First World Problems
This post was inspired by my anticipation for the airing of “Half the Sky” on PBS Oct 1-2.
About a year ago, my sister Kristin and I were discussing her most recent work in Africa and the contrast between her life in Manhattan and Ghana.”Ever see the site ‘First World Problems’?” She asked. “The first few days back in NYC feels like even the nicest people are whiners from that site.” For those of you unfamiliar with First World Problems, it is a site that collects quotes of the ridiculous, shallow and everyday nuisance things people complain about–examples:
“I accidentally gave a homeless man a Euro coin. I was going to use that on my trip to Vienna next week.”
“The pressure to have an opinion about the Avengers movie is like a physical weight on my back.”
“Our nation’s parks and wildlife preserves are woefully underequipped when it comes to Wi-Fi signals.”
Nice first world problems to have–not exactly like the street child in Afghanistan about to starve or the family afraid to leave their house due to violence in Syria. And much as I read them tongue in cheek, I must confess that in my comfortable little world, I too am inclined to “first world-isms”. Famously last week I burst out with “Why do all these devices have a different charger! I have to carry one for every electronic gadget I have!” My husband peered at me over his magazine…”You do see the irony here, right?”
<Grimace> Yes, I do.
So it occurs to me lately as I am reading some of the articles on women in business that maybe–just maybe, we need to acknowledge what is a first world problem and what is a third world problem in advancing women.
First world problem: “Women hold 16.1% of seats on boards of directors in Fortune 500 Companies”
Third world problem: “140 million females are living with the after effects of female genital mutilation.”
I do not by any means wish to trivialize the obstacles that some women have faced to advance in the American workplace. If you are drawing that conclusion, then hear me out a little further. What I am saying is that educated women in the first world have an obligation to do two things:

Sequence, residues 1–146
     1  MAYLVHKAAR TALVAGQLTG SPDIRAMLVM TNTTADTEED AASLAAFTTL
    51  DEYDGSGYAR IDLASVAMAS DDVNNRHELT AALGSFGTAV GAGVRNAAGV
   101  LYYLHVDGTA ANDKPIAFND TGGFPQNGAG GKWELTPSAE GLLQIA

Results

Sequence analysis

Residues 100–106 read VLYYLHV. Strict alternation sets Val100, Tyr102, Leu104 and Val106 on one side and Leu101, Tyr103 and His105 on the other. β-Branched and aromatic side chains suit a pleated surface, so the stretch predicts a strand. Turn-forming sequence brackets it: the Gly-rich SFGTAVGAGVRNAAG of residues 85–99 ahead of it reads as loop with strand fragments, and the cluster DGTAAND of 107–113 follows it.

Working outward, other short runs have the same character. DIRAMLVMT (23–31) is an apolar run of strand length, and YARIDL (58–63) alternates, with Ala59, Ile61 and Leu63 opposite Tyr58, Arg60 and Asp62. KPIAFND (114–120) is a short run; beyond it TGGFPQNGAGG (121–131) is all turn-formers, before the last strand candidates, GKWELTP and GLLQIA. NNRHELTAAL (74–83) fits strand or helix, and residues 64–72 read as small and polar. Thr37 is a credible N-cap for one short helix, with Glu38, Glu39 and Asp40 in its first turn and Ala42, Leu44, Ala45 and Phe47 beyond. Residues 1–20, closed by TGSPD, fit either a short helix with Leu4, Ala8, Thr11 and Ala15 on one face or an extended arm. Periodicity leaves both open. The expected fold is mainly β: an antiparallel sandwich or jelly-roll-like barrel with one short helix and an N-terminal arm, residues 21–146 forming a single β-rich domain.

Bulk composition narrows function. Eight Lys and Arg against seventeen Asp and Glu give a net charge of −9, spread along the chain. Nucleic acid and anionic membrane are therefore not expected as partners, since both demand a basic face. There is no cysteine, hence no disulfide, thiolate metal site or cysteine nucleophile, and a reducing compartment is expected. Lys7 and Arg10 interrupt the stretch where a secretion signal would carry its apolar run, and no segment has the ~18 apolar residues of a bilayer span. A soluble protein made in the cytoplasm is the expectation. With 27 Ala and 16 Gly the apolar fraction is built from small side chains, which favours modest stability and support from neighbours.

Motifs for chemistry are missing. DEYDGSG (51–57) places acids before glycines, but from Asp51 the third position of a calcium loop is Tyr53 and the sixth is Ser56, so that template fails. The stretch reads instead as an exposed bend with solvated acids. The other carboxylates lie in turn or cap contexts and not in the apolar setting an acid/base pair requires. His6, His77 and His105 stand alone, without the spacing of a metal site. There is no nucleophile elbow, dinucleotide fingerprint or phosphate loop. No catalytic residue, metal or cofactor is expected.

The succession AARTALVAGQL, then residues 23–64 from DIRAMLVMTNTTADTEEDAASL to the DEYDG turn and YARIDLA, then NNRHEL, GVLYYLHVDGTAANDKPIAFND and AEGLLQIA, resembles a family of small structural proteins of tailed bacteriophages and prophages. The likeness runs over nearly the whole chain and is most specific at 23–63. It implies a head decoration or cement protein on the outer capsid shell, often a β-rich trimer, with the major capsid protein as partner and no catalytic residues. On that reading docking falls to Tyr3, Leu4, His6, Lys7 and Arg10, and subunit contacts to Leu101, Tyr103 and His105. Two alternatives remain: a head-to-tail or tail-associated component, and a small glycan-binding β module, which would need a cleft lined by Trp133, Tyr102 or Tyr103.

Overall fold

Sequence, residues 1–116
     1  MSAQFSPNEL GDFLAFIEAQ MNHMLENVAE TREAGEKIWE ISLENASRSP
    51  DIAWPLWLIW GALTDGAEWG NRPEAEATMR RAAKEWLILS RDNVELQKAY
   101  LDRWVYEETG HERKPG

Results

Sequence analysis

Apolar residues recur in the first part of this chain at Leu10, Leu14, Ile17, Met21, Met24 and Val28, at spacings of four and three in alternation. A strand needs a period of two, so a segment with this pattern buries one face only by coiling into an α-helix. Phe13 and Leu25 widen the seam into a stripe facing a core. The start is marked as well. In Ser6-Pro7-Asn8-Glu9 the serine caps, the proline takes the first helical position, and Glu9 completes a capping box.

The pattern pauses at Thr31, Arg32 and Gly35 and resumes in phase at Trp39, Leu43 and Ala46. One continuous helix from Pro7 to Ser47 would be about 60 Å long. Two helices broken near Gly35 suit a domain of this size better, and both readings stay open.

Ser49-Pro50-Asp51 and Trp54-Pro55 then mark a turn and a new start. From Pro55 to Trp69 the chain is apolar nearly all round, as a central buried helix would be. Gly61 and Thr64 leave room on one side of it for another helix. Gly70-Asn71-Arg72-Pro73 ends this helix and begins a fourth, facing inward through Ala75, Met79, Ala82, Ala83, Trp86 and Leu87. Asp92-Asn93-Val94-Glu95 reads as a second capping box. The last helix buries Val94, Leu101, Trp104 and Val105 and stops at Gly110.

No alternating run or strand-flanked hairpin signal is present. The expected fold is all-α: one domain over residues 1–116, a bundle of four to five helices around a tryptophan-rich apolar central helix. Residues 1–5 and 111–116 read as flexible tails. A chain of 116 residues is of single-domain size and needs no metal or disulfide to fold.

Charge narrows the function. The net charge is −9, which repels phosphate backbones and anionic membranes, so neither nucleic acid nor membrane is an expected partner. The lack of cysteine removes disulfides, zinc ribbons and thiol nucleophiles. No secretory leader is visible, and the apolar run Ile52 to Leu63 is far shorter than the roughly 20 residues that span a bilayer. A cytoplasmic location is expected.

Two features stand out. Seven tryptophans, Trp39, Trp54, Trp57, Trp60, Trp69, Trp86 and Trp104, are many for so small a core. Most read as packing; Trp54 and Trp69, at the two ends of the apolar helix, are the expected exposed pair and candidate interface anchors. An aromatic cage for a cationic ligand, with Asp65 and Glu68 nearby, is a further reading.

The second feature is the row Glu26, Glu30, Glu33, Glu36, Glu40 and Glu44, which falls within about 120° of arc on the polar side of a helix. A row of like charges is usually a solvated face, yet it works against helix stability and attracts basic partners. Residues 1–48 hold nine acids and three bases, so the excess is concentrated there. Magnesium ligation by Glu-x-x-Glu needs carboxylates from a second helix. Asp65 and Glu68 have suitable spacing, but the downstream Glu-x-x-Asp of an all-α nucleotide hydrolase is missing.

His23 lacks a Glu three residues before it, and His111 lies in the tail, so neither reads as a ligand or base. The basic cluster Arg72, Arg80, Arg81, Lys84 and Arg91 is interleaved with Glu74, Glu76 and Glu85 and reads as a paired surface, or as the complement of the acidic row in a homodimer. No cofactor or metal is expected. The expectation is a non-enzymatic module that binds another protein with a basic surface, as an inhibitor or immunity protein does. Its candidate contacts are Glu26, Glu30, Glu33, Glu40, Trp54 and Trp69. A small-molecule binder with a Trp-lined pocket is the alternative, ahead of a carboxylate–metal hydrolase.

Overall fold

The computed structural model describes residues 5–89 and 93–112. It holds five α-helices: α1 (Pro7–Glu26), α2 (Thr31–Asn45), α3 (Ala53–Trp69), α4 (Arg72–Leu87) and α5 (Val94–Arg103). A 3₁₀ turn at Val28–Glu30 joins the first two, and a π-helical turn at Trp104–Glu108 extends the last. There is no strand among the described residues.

1) Educate yourself on what will propel you forward and what holds you back. Have the ambition and bravery to breakthrough. Even if it makes people uncomfortable. Even if some people tell you that you are a bad mother. Even if people call you a bitch. It’s a first world problem, ladies.
2) Recognize that no matter how held back you feel, there is a woman somewhere who was forced into marriage at age 12, who never learned to read, or will spend all day just to get water from a well. It is your obligation to look back to those women and lift them up, even as you are break through to another level in corporate America.
I love the Chinese proverb “Women hold up half the sky” because whether in the board room or in a small tribal village, studies show that gender equality is good for all those concerned. Those companies with the highest numbers of women on their boards (highest quartile) had an average of 53% greater returns on equity than those in the lowest quartiles. Likewise in the third world, allowing women to hold up half the sky holds great returns–simply allowing girls in Kenya to complete secondary school is estimated to bring $27 B to the economy over their lifetimes.
My sister will head back to Africa again soon, blazing what I hope will be a fearless academic trail and one that makes a difference as we both, in our own way, try to hold up half the sky.
For more information and also the sources of all statistics: